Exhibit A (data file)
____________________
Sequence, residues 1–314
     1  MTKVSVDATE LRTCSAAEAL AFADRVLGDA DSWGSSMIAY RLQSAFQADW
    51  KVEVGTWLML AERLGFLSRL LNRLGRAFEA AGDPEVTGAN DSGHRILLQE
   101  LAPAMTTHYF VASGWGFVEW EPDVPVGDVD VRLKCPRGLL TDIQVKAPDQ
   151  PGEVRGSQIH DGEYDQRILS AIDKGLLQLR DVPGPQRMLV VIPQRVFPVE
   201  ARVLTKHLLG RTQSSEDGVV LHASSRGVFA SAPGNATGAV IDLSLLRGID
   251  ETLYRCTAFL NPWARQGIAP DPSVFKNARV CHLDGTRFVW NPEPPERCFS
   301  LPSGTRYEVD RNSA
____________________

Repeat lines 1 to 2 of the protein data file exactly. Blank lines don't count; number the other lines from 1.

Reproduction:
Sequence, residues 1–314
     1  MTKVSVDATE LRTCSAAEAL AFADRVLGDA DSWGSSMIAY RLQSAFQADW